Ex-GOP Chairman Explains How MAGA Candidate Kent Lost
By John Gizzi Sunday, 13 November 2022 07:58 PM EST Current | Bio | Archive
By running a "lousy" campaign and "talking about issues people didn't care about," Trump Republican Joe Kent lost Washington state's historically Republican 3rd District, former State GOP Chairman Kirby Wilbur told Newsmax.
Barely 24 hours after liberal Democrat and first-time candidate Marie Gluesenkamp Perez was declared the winner in the 8th District, pundits were wondering just how she did it in a district considered "MAGA country."
Wilbur, an activist since his teenage years in the conservative Young Americans For Freedom (YAF) and longtime radio talk show host, told us, "Joe was an heroic soldier and could have been a hero in an action picture about his fellow Green Berets. But he had no political experience, and after winning first place in the 'jungle primary' in August, he proceeded to talk about the same issues [as in the primary]: his promise to impeach Joe Biden and investigate the FBI. And, of course, he kept repeating the 2020 election was stolen from Trump."
The "jungle primary" is one in which candidates of all parties compete on the same ballot and the top two vote-getters meet in a November runoff. Such issues, Wilbur said, were enough for him to overcome fellow Republican and six-term Rep. Jaime Herrera Beutler, one of 10 House Republicans to vote for Trump's impeachment.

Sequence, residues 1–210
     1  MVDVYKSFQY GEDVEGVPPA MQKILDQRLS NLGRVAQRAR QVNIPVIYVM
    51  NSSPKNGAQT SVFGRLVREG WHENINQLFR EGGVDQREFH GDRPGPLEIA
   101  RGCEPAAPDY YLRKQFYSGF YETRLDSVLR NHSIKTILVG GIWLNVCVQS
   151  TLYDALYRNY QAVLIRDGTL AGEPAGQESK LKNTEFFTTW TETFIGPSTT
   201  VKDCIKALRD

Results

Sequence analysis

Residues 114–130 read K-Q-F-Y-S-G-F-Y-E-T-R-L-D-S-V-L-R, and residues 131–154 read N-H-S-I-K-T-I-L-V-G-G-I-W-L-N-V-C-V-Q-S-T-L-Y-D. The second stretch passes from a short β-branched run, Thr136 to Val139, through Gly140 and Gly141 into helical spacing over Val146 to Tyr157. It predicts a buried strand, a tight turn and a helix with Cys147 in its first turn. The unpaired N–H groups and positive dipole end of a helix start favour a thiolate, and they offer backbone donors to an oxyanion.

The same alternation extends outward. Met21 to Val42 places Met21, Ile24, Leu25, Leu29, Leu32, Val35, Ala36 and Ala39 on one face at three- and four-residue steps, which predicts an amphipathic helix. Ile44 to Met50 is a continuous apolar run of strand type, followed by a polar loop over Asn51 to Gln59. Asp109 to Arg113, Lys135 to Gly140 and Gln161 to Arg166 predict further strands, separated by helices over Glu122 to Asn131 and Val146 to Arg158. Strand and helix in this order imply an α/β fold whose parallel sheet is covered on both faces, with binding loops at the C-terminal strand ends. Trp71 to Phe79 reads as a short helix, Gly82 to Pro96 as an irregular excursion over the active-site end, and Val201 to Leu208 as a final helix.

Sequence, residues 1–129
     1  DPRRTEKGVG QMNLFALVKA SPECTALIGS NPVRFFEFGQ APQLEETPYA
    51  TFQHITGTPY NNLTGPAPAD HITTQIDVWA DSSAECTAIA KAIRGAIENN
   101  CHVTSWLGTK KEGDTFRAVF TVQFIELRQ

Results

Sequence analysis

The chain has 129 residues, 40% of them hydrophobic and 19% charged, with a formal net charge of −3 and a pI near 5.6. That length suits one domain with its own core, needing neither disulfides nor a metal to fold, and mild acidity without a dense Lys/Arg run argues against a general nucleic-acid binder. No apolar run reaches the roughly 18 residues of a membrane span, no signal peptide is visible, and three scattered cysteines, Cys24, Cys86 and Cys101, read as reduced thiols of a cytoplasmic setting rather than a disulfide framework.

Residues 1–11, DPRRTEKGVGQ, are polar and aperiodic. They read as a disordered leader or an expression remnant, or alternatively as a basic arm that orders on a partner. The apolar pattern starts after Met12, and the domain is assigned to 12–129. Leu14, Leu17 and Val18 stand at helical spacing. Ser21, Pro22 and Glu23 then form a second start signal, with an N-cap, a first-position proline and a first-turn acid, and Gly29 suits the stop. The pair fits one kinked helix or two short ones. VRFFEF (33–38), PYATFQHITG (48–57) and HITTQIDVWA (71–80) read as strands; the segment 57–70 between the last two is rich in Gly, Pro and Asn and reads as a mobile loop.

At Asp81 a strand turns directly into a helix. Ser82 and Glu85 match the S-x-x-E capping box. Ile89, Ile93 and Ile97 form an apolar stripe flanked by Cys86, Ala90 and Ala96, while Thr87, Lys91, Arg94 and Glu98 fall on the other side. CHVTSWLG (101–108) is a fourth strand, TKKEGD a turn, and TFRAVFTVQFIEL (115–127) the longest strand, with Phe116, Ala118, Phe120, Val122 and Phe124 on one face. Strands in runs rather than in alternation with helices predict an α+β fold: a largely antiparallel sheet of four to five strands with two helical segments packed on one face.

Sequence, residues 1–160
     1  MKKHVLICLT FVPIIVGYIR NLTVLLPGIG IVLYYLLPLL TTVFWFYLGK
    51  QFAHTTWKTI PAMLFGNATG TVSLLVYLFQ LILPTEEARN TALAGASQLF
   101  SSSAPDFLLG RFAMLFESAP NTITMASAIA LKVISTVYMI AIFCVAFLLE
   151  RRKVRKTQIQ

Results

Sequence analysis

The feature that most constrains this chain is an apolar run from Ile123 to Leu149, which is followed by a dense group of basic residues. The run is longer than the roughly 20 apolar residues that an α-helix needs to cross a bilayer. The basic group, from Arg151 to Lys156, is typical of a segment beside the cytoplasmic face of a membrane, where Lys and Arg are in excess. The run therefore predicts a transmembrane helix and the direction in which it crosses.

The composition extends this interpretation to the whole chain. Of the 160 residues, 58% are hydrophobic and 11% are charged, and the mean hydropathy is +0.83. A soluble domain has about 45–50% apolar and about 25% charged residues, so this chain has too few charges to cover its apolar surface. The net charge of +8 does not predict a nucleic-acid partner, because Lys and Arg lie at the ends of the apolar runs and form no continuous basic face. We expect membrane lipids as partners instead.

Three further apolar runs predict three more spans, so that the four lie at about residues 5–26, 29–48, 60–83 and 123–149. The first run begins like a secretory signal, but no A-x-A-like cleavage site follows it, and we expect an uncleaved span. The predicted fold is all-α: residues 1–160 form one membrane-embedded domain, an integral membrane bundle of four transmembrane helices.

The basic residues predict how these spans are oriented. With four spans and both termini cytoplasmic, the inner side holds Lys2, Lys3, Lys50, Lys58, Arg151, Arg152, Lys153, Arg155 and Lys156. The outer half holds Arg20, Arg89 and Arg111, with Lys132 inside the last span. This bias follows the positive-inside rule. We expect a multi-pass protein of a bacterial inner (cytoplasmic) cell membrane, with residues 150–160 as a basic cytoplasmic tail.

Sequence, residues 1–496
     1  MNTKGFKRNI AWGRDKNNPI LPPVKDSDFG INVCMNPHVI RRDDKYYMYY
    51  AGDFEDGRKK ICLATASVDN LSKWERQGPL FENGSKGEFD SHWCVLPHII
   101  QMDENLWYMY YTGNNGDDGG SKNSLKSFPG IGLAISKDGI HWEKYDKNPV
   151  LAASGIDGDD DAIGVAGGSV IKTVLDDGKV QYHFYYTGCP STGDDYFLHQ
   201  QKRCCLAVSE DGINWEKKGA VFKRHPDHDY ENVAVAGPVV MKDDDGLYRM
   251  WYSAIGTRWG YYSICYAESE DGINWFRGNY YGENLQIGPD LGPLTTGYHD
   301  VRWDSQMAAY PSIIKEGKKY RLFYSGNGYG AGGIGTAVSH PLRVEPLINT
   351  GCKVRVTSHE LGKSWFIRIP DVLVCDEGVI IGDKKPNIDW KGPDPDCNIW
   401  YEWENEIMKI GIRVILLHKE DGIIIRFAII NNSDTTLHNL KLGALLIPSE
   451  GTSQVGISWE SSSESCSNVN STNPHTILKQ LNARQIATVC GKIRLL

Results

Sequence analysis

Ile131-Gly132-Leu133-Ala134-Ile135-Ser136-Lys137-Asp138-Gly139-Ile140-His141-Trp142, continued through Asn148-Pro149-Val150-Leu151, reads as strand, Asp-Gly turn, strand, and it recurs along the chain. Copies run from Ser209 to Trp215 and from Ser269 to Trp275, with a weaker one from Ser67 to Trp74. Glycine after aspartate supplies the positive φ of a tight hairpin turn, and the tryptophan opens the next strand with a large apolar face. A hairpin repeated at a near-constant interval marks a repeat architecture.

"But they just didn't sell with voters in the general election," he added.
In contrast, Democrat Perez, who co-owns an auto parts store with her husband, ran on "kitchen table" issues such as the cost of gasoline and groceries.
"And while she ran as a 'pro-choice' candidate on abortion, she also said she supported the right to keep and bear arms," said Wilbur. "And that appealed to moderate voters — even though [Perez] had been an active Bernie Sanders for president volunteer."
Wilbur also pointed out, "In Clark County, which has the bulk of the voters in the 3rd, there has always been a fractious Republican Party. One faction backed Jaime in the primary and another, which had been closely associated with Ron Paul's presidential campaign in 2012, backed Joe. They never came together after the primary."